- “Satyameva Jayate” – Pandit Madan Mohan Malviya
Considered as the ideal man of this era, Madan Mohan Malaviya was the first and last person in India to be decorated with the honorific title of Mahamana. Malaviya ji was unique in truth, brahmacharya, exercise, and patriotism.
The origin of this slogan lies in the well-known mantra from the Mundaka Upanishad. “Truth alone triumphs” is the literal meaning of this phrase which is not only adopted as the national motto of India but also inscribed at the base of our national emblem. It was Pandit Madan Mohan Malviya, an activist and also the founder of Banaras Hindu University, who used this slogan in his presidential address in 1918 in the Indian National Congress convention. He made sure this slogan reached the masses and inspired them.
- “Swaraj mera janam sidh adhikar hai, aur mai ise lekar rahunga” – Bal Gangadhar Tilak
Bal Gangadhar Tilak was born on 23 July 1856 in Chikkan village of Konkan Pradesh (Ratnagiri) of Maharashtra.
“Swaraj is my birthright and I shall have it,” this slogan coined by Bal Gangadhar Tilak ignited the spark of patriotism amongst countless Indians during the freedom struggle. He is the one who emphasised on the education of youth and mobilised people from all sections of society. This popular nationalist, social reformer and also a lawyer strongly advocated human rights. His slogan motivated people to attain complete freedom and also provoked love for the country among them.
Tilak started two daily newspapers in Marathi named ‘Maratha Darpan and Kesari’ which became very popular among the masses. In which Tilak criticized the cruelty of British rule and inferiority complex to Indian culture.
He demanded the British government to immediately grant full swaraj to the Indians, as a result because of his articles appearing in Kesari, he was sent to jail several times.
- “Khoon se khelenge Holi gar Vatan mushkil main hai” – Ashfaqullah Khan
Amar Shaheed Ashfaq Ullah Khan was a true son of Mother India. At the age of 27, Ashfaq Ullah Khan kissed the noose by sacrificing his life for the freedom of the motherland. Ashfaq Ulla Khan was also a great Urdu poet. He played an important role along with his friends in the Kakori incident.
Ashfaqullah Khan, a prominent figure in the Kakori dacoity, was a freedom fighter from Shahjahanpur and also a close acquaintance of Ramprasad Bismil. They both were awarded death sentences for Kakori robbery after being caught. Khan was an enthusiast; he used the line “Khoon se khelenge Holi gar Vatan mushkil main hai” from the poem Sarfaroshi ki Tamanna as a slogan to encourage the youth.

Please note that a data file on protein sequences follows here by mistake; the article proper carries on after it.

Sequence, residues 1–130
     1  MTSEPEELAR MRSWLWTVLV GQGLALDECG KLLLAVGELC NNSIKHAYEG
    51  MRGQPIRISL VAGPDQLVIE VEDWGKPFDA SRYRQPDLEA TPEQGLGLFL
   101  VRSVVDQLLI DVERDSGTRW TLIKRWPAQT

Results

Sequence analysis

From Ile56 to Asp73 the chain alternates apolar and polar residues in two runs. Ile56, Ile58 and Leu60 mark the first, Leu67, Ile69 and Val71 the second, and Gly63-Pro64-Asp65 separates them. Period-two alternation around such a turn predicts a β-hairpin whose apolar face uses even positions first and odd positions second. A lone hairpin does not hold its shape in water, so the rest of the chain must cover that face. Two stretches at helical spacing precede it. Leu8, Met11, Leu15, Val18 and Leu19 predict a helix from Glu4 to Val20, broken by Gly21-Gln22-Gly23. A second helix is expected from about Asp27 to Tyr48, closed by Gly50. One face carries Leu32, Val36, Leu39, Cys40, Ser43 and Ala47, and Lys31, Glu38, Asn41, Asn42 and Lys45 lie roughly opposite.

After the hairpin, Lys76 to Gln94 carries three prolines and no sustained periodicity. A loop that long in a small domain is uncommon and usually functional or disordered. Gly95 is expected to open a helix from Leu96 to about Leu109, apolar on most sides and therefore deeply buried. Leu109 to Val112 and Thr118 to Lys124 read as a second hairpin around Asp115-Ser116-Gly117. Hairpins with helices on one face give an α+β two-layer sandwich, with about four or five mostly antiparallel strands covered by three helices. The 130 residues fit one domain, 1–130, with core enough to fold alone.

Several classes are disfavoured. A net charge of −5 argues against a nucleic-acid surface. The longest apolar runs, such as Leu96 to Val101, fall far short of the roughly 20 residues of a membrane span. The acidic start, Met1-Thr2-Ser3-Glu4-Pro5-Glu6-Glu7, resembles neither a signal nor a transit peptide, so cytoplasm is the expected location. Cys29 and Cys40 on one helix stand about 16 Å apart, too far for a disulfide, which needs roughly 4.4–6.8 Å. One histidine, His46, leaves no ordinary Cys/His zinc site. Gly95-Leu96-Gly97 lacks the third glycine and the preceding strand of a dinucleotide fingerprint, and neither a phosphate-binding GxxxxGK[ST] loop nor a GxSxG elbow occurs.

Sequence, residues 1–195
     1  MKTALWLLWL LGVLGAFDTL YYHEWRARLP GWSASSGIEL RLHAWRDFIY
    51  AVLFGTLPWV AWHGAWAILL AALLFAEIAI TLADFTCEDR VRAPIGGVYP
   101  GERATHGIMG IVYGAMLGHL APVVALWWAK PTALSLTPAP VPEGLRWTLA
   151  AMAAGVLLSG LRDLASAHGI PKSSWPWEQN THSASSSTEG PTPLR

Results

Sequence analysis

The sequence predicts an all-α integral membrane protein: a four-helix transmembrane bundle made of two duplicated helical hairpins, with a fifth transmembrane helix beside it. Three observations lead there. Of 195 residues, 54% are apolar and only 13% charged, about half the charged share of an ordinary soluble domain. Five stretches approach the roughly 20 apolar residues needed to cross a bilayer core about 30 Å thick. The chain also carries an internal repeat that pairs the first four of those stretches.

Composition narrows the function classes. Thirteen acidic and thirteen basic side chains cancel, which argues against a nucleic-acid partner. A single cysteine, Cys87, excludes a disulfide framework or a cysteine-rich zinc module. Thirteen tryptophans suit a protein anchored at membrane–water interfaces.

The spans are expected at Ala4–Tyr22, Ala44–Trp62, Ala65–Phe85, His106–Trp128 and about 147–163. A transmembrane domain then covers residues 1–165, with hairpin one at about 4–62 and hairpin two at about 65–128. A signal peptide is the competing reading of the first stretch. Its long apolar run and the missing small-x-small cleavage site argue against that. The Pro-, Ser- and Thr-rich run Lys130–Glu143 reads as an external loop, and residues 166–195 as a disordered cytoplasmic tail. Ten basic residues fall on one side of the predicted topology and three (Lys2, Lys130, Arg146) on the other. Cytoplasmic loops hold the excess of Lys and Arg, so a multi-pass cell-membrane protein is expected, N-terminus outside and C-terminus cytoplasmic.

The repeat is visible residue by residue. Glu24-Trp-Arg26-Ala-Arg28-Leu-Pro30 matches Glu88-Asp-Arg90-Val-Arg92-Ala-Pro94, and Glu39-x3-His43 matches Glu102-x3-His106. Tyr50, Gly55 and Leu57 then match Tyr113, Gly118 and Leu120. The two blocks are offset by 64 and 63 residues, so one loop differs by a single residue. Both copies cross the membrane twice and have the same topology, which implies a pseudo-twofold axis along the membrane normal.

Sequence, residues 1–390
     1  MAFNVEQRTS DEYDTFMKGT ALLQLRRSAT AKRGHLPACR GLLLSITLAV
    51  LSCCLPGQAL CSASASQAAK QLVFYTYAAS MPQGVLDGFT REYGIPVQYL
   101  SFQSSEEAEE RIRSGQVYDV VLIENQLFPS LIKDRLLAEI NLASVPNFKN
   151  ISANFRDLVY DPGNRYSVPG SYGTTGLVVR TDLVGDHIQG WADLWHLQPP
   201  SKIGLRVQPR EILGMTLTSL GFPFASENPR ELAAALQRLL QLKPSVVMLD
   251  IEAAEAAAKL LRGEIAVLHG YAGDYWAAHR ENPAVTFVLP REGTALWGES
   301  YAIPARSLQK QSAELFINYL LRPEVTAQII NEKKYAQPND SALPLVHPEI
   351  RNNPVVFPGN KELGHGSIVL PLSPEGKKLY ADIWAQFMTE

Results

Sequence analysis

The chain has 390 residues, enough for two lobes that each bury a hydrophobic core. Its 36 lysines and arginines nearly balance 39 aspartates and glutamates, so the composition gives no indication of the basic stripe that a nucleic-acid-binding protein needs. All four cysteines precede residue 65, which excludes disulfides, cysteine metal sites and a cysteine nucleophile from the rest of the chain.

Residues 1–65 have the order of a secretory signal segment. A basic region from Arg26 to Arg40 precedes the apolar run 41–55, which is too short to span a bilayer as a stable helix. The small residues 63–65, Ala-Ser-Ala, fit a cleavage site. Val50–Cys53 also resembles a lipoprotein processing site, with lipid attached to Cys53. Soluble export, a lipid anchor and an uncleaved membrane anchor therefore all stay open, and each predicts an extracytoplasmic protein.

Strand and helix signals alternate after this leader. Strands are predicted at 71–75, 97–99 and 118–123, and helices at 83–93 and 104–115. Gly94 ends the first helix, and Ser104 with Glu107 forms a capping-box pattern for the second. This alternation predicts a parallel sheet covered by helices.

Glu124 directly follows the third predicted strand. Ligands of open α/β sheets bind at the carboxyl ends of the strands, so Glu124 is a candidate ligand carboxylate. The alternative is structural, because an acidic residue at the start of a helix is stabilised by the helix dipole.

- “Ab bhi jiska khoon khaula nahi wo pani hai, jo desh ke kaam na aaye woh bekar jawani hai” – Chandrashekar Azad
Chandrashekhar Azad had an extremely revolutionary ideology with respect to the freedom movement. He was popular amongst the masses by his self-taken name “Azad”. It was at a young age that Azad joined the freedom struggle and participated in various violent movements. Azad vowed to free the motherland from the clutches of the British.
Determined never to be caught by the British, Azad revolutionised the youth by giving highly motivating slogans. This slogan lit the spirit to fight for the country.
“Sarfaroshi ki tamanna ab •hamare dil me hai, dekhna hai zor kitna baazu-e-qaatil mein hai” – Ramprasad Bismil
These lines by Ramprasad Bismil are taken from his patriotic poem which was later used as a slogan to challenge the British authority ruling in India. This slogan enlightened the need of the hour and urged people to fight for freedom against British imperialism. Bismil was one of the most talented patriotic writers of the time.
- “Aaram haram hai” – Jawaharlal Nehru
Pandit Jawaharlal Nehru was born on 14 November 1889 in Allahabad in a prosperous family of Kashmiri Pandits.
Jawaharlal Nehru, a central figure in Indian politics, and the first Prime Minister of India was also amongst the desperate freedom fighters who wanted the motherland to be free from British rule. As per Nehru, not even a single sigh of relief was experienced until India got independence. Taking rest was unworthy as per him.
Jawaharlal Nehru participated with Mahatma Gandhi in the Salt Satyagraha, Quit India Movement, Non-Cooperation Movement and many such important movements. In 1928, as a result of being the leader of the movement against the Simon Commission, Nehru and others were lathi-charged by the police.
Nehru was once again arrested because of the historic resolution “Quit India” in the Congress Committee meeting held on 7 August 1942 in Mumbai. This was the last time he was going to jail. That time Nehru was arrested for a long time. In his entire lifetime, he was jailed nine times for serving our nation.